This story was a winner in the “L Ron Hubbard presents the Writers of the Future” contest, and first appeared in Writers of the Future Volume XXVI (details).
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Izzy’s new job aboard a solar station orbiting Earth becomes more complicated when she begins receiving cryptic messages from a ghost. This story was a winner in the “L Ron Hubbard presents the Writers of the Future” contest, and first appeared in Writers of the Future Volume XXVI.
APPEARED Writers of the Future XXVI
(First Place (3rd Quarter))
The Assistant responsible for the primary thruster arrangement killed itself just ten days after Izzy arrived on the solar station. The panicked chatter of the other Assistants prevented them from continuing with their own duties.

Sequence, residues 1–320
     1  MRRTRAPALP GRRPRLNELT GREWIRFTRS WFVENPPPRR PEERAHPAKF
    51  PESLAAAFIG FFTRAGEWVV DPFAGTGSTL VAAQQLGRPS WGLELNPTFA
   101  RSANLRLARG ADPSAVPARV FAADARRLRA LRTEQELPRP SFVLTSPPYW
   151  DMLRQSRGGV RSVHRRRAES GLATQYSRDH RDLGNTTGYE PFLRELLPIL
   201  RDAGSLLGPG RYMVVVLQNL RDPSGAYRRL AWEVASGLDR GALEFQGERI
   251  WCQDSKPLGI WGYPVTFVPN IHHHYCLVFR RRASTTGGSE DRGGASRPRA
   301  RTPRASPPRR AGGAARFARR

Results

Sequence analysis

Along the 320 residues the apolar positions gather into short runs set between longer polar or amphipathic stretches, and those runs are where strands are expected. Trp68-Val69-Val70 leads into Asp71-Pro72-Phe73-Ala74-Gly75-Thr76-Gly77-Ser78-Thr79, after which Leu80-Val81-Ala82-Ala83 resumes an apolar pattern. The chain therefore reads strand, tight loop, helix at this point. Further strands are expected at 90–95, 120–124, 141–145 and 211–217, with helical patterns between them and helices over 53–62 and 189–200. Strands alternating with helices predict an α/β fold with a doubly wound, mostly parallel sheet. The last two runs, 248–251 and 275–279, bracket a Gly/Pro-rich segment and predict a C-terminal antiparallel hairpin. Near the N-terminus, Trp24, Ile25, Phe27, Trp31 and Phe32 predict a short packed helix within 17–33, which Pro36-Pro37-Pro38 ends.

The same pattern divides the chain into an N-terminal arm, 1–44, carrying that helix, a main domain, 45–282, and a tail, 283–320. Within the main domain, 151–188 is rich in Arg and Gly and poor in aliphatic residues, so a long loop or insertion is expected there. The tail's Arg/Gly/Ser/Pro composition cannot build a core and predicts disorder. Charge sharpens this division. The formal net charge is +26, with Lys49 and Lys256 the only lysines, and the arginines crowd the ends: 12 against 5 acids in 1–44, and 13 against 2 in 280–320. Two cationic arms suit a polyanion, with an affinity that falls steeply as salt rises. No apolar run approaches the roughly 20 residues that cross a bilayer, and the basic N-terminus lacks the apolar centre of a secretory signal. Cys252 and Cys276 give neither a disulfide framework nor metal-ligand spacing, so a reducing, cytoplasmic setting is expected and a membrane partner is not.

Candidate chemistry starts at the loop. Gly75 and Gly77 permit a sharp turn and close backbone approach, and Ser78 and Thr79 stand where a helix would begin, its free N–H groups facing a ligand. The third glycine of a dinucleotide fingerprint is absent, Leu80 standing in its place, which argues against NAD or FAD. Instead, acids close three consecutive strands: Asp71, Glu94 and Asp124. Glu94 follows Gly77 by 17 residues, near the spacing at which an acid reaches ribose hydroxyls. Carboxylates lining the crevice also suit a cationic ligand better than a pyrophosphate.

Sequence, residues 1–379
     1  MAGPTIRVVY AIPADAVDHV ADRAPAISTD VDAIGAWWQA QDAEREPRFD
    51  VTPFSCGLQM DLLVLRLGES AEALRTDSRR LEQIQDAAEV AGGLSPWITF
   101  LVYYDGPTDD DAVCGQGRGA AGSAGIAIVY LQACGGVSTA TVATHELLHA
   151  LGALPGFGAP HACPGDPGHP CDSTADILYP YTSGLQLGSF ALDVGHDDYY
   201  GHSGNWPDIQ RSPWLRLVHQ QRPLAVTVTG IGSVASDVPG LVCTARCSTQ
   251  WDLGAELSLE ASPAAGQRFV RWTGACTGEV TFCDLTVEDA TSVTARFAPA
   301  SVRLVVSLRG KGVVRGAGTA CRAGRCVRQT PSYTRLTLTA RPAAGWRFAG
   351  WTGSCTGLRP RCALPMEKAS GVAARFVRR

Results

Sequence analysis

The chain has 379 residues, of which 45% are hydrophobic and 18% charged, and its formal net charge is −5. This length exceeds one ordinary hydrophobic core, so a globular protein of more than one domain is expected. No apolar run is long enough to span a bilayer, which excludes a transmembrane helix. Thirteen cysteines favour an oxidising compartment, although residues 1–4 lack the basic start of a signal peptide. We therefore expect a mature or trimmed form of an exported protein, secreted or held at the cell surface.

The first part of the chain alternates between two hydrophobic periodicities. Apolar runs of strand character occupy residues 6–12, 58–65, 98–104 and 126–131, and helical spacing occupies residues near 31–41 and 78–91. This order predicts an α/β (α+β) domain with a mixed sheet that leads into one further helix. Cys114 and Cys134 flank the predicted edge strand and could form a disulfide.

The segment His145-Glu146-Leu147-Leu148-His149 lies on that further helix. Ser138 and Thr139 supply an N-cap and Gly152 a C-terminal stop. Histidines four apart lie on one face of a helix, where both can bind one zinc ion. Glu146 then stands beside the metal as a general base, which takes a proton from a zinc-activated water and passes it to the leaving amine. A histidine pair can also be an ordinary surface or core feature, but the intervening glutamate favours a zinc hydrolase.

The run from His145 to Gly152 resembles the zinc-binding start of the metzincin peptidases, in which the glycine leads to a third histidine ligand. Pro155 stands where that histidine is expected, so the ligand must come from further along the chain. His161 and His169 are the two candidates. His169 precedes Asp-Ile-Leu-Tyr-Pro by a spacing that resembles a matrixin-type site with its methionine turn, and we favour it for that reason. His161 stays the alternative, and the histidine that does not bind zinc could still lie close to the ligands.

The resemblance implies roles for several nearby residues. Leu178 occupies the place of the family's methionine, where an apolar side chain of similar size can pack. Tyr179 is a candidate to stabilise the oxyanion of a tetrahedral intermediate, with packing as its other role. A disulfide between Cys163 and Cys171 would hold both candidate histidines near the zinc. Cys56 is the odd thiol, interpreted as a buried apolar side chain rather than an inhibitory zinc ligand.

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Knowles writes with a fresh outlook on sci-fi and has created a strange new world that sounds daunting even if it is far away.
I thoroughly enjoyed it. It had the right mix of science fiction (robots, set in space, creepy quasi-‘net) with the psychological mind tricks that outstanding harder science fiction should play with your mind.
Obvious to see why this won a contest. Excellent world-building in a novella. Good heroine, interesting plot.
When Izzy left Earth to work on the solar station, she found challenges amid the native Offworlders
I don’t mind science fiction, but I’m not a huge fan, unless the writing is really good. Digital Rights kept me interested. I was hooked right away, and I didn’t stop reading until I finished, despite its being fairly long for a short story at 12K words. There are a number of really good things about the story.